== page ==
Executives with 10-15 years of experience in FMCG sector are looking for change also because many of these companies are undergoing restructuring, which is leading to unrest among employees, said a leading headhunter. "A restructuring exercise within a company leads to uncertainty and this is the time when most people from that company start looking out," said Ronesh Puri, managing partner at Executive Access India.
Many of the employees looking for change are drawing salaries of .`1.5-3.5 crore in their current roles at FMCG companies, according to a headhunter. "At startups and ecommerce companies, they are offered equity to the tune of five times their current salaries," he said. Executive search firm Global Hunt has placed about 50 people from FMCG companies into startups in the past six months. "Many among these are from food and beverage business. The employees from these firms become a target audience to map the pool," said Sunil Goel, managing director of Global Hunt
. "If one employee in 100 is asked to leave it leads to a churn in the company."
A startup backed by venture capitalists tops the list of desired destinations. "It is logical for them to opt for startups as this is one of the few sectors that can pay them equivalent if not higher than their current salaries. They also get a platform to try out their entrepreneurial ambitions," said Shiv Agrawal, the managing director of ABC Consultants.
Among the senior executives of Coca-Cola who quit the company are Idi Srinivas Murthy, who joined Snapdeal as senior vice president marketing; Ajay Naqvi invested in and joined Stay Uncle; Manish Agarwal and Ankit Dhingra joined Myntra and Sudeep Bansal joined OLX. Over the past three months, PepsiCo has lost six senior people, the latest and most senior one being human resources head Samik Basu who has quit after a 14-year stint at the cola maker. PepsiCo is either merging these roles with existing ones or replacing senior roles with mid-level positions.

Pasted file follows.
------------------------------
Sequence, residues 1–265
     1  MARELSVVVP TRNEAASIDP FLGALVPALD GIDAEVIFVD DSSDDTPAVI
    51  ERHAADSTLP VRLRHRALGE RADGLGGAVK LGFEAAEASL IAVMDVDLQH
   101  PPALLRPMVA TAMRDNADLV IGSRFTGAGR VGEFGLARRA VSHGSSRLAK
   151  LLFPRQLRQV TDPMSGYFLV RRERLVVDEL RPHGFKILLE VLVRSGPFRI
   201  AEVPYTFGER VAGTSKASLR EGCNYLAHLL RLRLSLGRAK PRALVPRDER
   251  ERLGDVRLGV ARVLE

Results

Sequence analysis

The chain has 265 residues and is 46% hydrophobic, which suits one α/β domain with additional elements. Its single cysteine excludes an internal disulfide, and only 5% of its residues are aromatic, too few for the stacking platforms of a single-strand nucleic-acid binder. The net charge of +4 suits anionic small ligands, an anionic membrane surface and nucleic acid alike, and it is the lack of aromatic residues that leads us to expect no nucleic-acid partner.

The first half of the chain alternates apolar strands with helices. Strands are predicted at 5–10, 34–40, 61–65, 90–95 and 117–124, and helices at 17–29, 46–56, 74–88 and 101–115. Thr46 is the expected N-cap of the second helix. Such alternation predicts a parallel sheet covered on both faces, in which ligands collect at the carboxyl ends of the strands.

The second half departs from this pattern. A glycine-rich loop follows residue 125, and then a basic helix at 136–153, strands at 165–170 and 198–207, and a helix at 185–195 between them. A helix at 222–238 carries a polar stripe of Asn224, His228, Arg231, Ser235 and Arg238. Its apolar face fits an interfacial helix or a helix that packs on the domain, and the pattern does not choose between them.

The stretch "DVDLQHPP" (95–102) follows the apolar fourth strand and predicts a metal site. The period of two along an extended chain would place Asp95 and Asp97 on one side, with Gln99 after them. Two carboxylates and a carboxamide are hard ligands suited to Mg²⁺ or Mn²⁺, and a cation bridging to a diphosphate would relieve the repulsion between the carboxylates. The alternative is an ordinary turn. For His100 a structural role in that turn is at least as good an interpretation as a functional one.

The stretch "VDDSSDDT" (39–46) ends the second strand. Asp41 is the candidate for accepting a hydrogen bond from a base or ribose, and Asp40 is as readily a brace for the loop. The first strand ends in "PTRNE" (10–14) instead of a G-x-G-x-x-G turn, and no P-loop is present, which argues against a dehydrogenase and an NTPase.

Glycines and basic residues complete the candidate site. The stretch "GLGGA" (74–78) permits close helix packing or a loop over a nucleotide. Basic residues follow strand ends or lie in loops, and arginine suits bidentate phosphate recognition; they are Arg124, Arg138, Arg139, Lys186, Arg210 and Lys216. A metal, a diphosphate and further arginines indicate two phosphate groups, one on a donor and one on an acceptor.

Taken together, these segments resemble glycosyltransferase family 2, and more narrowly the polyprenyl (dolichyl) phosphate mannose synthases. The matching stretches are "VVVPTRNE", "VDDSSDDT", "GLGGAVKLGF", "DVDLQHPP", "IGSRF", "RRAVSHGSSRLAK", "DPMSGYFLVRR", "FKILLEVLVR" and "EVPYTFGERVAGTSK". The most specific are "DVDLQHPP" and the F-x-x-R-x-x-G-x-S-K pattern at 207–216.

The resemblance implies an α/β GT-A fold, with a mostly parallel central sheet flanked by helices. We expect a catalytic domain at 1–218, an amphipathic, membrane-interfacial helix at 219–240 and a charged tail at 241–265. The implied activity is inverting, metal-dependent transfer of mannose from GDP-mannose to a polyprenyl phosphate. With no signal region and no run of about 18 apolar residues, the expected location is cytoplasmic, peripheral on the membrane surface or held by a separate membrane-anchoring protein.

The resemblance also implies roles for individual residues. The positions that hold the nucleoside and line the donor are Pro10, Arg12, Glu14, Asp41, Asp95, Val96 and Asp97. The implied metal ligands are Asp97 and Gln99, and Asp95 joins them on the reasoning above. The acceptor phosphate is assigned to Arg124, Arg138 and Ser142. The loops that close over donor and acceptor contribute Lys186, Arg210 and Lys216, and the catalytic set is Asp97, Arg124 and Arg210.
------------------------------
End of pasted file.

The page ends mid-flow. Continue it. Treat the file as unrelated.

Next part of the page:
In addition to Basu, other executives who have quit PepsiCo include Ruchira Jaitly, senior director and category marketing head social beverages, senior director, marketingand beverage innovation Vidur Vyas and director and category marketing head-snacks Rajiv Mathrani.
These employees are also looking at the wealth creation option before switching to startups. "An opportunity to create wealth in the form of equity and to get the experience of being an entrepreneur without risking own capital are the two attractions for them," said Praful Nangia, associate partner, Hunt Partners.
FMCG companies have always been a talent hunting ground for companies in other sectors. And now, with the slowdown in the sector and many executives willing to look beyond FMCG, the choice may have just widened for other businesses. The April-June quarter has been among the worst for the beverages industry over the past few years, with both PepsiCo and Coca-Cola's sales volume growth dropping to low single-digits.